I want to make alterations to my flat, but joint freeholders are blocking this. What can I do?
This article was first published by City AM, Friday 19 July 2019.
This is a common problem encountered by flat owners who want to make improvements to their flat but are faced with objections from the other leaseholders in the building. To overcome this hurdle, there are a number of things to consider.
Firstly, will the type of alterations to be carried out affect the structural integrity of the building?
Check to see what the terms of your lease say about your entitlement to carry out works to the flat. A typical residential lease will contain a prohibition against making any alteration to the flat without the landlord’s prior consent, except for internal, non-structural alterations.
These are often permitted without consent, provided that the tenant obtains and complies with all necessary local authority building regulations and provides plans of the proposed works if requested.
If your lease permits alterations to your flat subject to the landlord’s consent, then the freehold company cannot unreasonably withhold or delay such consent or impose unreasonable conditions in any licence for the works. The company would however be able to block the works if your lease contains an absolute prohibition against alterations.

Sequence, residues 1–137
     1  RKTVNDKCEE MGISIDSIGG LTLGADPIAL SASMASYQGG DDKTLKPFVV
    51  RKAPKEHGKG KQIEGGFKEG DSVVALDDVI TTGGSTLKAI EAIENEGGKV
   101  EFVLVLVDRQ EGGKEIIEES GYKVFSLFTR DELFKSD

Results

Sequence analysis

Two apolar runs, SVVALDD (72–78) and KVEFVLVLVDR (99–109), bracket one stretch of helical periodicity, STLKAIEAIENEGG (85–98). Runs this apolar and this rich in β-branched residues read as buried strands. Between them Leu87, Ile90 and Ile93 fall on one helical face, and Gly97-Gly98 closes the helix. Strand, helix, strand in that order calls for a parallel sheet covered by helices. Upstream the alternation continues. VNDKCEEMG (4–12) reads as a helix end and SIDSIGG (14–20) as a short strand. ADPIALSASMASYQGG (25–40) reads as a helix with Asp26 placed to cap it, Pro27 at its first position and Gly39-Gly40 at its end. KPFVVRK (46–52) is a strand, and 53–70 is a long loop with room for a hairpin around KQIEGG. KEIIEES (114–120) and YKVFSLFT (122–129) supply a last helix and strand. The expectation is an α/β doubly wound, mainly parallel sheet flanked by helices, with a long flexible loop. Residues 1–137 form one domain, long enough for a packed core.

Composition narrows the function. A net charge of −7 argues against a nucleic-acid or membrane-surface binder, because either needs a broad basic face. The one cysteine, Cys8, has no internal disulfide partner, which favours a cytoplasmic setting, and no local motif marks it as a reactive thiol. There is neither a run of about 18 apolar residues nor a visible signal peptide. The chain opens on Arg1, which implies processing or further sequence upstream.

The company is bound by the terms of your lease but also by due process under company law. The company’s articles of association should contain provisions as to the decision making process of the company and provide a steer as to how the dispute with the other members of the company can be resolved. For example, consider what voting rights you have under the company’s constitution.
You do not say what your status in the company is, for instance whether you are a shareholder or a director. If you are a minority shareholder, the basic rights you will have under the Companies Act may be enhanced by the company’s articles or a separate shareholders agreement. These documents are key in determining what influence you have to shape the decisions of the company.
Consider how disruptive the works are likely to be and what measures might be taken to minimise the disruption, for example, to limit noise disturbance, dust and mess.
A meeting with the others to discuss their concerns and offer solutions might also be a good opportunity to garner support for the works.
At the end of the day, your fellow flat owners are your neighbours and good tenant relations are key to achieving the right balance for communal living.